For most of the last two academic years, the fractured nature of teaching has meant that the exam skills that are required for success may have been inconsistently applied both in the classroom and online. Through effective tracking, we can evidence where students have shown a particular aptitude and highlight where there is a weakness. This will give reassurance to pupils about their current position and provide a guide for future success within a subject.

So what?

Last year students were denied the opportunity to prove themselves academically. The celebrations and commiserations on results’ day across the country came about due to a  failed algorithm, disjointed teacher judgements or both. Whilst the destiny of this year’s exam classes is yet unclear, it is highly likely to fall to the judgments of teachers once again.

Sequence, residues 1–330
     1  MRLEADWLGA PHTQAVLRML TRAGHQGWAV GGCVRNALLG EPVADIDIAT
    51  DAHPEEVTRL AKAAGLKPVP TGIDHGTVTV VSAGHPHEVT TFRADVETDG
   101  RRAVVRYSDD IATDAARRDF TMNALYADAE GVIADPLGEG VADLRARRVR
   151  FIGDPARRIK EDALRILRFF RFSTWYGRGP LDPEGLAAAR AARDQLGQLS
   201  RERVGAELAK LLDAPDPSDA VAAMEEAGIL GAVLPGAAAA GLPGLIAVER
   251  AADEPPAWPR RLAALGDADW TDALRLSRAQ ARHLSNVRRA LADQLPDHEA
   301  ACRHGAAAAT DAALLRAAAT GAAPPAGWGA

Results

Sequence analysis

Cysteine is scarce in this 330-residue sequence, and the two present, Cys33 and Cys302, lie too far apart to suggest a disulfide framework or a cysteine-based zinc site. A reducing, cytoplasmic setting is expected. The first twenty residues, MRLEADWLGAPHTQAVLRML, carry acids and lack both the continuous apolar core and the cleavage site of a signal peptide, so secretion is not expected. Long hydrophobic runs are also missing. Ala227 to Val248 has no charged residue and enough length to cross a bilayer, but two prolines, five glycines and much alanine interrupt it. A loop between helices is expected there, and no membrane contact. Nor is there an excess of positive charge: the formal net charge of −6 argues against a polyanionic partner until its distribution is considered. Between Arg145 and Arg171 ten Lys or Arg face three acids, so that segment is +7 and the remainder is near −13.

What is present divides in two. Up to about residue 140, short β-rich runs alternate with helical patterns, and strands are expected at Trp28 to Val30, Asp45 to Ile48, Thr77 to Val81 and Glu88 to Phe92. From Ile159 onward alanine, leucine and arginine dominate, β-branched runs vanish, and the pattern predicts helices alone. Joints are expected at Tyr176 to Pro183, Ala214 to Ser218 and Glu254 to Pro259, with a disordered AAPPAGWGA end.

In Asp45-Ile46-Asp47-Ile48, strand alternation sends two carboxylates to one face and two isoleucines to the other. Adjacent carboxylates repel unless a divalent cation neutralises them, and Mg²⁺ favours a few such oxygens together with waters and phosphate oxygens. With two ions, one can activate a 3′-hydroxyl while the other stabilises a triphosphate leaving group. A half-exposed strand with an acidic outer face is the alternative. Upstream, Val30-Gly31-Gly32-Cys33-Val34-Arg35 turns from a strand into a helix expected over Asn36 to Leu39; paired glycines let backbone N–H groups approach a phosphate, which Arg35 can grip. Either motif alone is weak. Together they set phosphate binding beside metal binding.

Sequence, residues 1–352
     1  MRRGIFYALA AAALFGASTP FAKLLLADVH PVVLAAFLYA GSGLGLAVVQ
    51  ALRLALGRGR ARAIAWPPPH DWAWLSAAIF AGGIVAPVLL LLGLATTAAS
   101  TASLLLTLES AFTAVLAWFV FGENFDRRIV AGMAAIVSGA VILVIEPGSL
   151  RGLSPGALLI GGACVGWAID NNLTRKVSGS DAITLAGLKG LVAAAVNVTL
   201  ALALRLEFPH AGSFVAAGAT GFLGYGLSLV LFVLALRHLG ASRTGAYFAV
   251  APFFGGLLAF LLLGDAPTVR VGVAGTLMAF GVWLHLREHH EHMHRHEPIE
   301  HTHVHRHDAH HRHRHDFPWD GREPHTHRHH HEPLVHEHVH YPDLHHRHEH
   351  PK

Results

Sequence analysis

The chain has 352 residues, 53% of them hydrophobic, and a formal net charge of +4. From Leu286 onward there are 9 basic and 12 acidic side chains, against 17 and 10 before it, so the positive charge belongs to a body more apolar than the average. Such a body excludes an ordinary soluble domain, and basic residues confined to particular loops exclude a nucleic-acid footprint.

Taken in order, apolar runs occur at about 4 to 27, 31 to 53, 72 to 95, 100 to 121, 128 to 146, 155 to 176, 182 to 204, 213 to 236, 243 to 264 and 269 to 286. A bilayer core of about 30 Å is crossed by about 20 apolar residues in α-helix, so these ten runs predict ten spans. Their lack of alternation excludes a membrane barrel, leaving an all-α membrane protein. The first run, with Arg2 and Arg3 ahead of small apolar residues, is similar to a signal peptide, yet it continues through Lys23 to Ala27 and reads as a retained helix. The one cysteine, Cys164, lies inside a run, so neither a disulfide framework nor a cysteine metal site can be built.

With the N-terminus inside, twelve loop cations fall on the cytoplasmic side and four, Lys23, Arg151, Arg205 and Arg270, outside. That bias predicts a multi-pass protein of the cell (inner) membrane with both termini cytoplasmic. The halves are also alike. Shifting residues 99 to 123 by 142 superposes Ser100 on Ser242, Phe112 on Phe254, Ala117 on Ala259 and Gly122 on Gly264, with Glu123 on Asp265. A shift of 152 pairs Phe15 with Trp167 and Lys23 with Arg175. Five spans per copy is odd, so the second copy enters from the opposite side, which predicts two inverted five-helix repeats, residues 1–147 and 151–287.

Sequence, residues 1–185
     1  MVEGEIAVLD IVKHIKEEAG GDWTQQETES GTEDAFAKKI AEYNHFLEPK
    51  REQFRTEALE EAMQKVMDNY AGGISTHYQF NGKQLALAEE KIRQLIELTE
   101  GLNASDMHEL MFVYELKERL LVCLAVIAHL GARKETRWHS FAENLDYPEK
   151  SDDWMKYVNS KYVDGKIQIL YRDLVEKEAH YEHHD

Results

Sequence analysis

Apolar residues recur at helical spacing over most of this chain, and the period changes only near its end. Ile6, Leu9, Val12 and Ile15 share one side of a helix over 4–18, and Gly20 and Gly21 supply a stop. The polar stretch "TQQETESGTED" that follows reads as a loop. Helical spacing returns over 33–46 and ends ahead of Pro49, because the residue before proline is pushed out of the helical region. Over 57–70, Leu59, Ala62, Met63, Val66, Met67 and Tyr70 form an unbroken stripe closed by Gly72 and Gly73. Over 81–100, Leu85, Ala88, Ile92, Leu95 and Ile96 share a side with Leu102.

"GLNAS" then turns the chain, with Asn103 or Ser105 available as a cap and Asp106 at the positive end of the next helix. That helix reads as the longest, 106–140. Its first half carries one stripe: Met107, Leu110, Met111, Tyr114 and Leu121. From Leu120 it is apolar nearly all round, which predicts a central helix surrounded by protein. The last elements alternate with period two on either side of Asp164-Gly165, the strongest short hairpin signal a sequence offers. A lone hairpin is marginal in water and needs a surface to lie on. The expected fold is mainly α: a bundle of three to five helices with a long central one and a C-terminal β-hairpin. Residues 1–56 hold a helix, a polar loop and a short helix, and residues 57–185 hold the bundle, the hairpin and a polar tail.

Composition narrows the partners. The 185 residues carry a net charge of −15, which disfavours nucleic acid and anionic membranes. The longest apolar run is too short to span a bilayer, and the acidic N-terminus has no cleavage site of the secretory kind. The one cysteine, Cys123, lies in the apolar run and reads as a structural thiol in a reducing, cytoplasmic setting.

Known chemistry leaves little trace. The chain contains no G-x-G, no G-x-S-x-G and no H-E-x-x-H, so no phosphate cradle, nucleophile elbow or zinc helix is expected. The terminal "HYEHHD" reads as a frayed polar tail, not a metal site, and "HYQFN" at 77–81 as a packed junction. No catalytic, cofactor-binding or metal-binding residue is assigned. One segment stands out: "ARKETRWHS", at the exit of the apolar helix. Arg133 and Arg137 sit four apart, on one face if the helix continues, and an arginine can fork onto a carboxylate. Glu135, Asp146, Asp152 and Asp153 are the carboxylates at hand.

However, the exam series of 2022 should bring great optimism to schools. The vaccination programme at the time of writing is at 16 million doses in the UK, over 25% of our population including those most vulnerable; indeed after the summer break, it is expected that all adults should have received their vaccination.

School as we knew it may just be on the horizon and it is essential that our young people are set up for success. It is evident that we must use our time wisely now with our pupils to maximise their potential. We must recognise where our students are, plan to close the learning gaps and allow students every opportunity to realise their potential and celebrate or commiserate in a school hall just like we did many years ago.

Andrew Liddle

Chief Revenue Officer



Leave a comment on this post

Thank you for for the comment. It will be published once approved.
This site is protected by reCAPTCHA and the Google Privacy Policy and Terms of Service apply.